Scientific method and historical precipitation

Ozeas S. Costa Jr., The Ohio State University - Mansfield
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This activity was selected for the On the Cutting Edge Reviewed Teaching Collection

This activity has received positive reviews in a peer review process involving five review categories. The five categories included in the process are

  • Scientific Accuracy
  • Alignment of Learning Goals, Activities, and Assessments
  • Pedagogic Effectiveness
  • Robustness (usability and dependability of all components)
  • Completeness of the ActivitySheet web page

For more information about the peer review process itself, please see http://serc.carleton.edu/NAGTWorkshops/review.html.


This page first made public: May 10, 2017

Summary

In this activity, you will use the scientific method and secondary data to build a dataset and answer the following question: Is Ohio getting wetter or drier?

In order to answer this question, you will follow these steps:

1) Make a prediction (hypothesis) – with justification – based on fact sheets available about the question topic;

2) After you have made a prediction, you will collect secondary data online (from the USGS WaterWatch program) and build a database on MS-Excel;

3) You will then explore trends on your data and create graphs/visual representations of these trends using MS-Excel;

4) Finally, you will compile all your conclusions, evaluate the accuracy of your prediction (hypothesis), and create a report of your findings.

Learning Goals

Content/concepts goals
The goal of the activity is to provide students a hands-on way to explore the steps of the scientific method and answer a real world question. It also provides an opportunity to introduce students to real data available online about historical precipitation in the USA.

Higher order thinking skills goals
The higher order thinking skills for this activity include:

1) Applying acquired knowledge and factual information to answer a question (Is Ohio getting wetter or drier?), and identifying connections and relationships;

2) Analyzing/examining available information, breaking this information into component parts, and determining how the parts relate to one another, identifying motives or causes, and making inferences and finding evidence to support generalizations;

3) Synthesizing the information and building a structure or pattern from diverse elements, including the production of unique conclusions deriving from data analysis.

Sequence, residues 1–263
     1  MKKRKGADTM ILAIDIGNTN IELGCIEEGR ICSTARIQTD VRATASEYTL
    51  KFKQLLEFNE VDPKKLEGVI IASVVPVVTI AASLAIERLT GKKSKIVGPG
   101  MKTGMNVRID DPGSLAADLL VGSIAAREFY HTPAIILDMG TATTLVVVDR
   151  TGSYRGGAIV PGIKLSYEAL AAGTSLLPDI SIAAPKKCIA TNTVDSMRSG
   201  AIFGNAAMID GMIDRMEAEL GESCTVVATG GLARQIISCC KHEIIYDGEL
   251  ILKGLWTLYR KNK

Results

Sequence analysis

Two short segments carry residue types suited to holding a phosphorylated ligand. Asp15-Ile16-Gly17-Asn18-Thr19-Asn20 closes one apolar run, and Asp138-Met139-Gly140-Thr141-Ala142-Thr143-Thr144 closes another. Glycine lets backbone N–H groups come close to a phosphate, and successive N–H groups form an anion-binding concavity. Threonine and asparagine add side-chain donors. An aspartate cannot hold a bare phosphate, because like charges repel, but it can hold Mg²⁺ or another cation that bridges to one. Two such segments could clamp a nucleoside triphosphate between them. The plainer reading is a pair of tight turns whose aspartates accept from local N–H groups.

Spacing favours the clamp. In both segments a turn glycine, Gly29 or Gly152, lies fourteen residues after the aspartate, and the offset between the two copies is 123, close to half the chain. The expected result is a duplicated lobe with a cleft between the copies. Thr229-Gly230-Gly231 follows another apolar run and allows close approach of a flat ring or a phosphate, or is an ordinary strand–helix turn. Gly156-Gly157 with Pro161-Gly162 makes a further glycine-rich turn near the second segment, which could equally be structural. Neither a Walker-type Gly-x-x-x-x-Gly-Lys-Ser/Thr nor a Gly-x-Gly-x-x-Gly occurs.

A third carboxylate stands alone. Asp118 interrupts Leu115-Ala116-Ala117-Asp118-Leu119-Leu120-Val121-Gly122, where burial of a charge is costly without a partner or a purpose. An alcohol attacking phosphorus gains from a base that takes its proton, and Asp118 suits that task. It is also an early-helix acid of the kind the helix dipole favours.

4) Presenting and defending an opinion by making judgments about the derived information and validity of ideas, based on a set of criteria.

Other skills goals
In this activity, students will also:

1) learn how to find credible water data online;

2) learn how to organize, analyze, and visualize this data using MS-Excel.

3) learn how to present/share scientific data in a report.

Context for Use

Type and level of course
This activity is offered on a freshman-level, introductory physical geology course offered to students from a variety of backgrounds (including non-science majors).

Skills and concepts students should have mastered
This activity is offered at the end of the first week of classes, after students have explored the steps of the scientific method through reading, videos, and an interactive activity online (http://webapp.gccaz.edu/academic/biology/scientific_method/).

How the activity is situated in the course
The activity is used as a stand alone exercise.

Description and Teaching Materials

A step-by-step tutorial for this activity (including links to information sources and thumbnails on how to use the graphing function in MS-Excel) is provided in the attached pdf file.
Tutorial for Practical Activity (Acrobat (PDF) 845kB Apr28 17)



Teaching Notes and Tips

This activity works best if done in group of 2-3 students.

Assessment

A rubric with an objective set of criteria and ratings is provided to remove subjectivity from grading the report produced by the student.

References and Resources

Prior to this activity, students are require to read pages from their textbook discussing the scientific method, as well as to watch a short video on YouTube (https://youtu.be/BVfI1wat2y8), and to work on the interactive activity available at http://webapp.gccaz.edu/academic/biology/scientific_method/.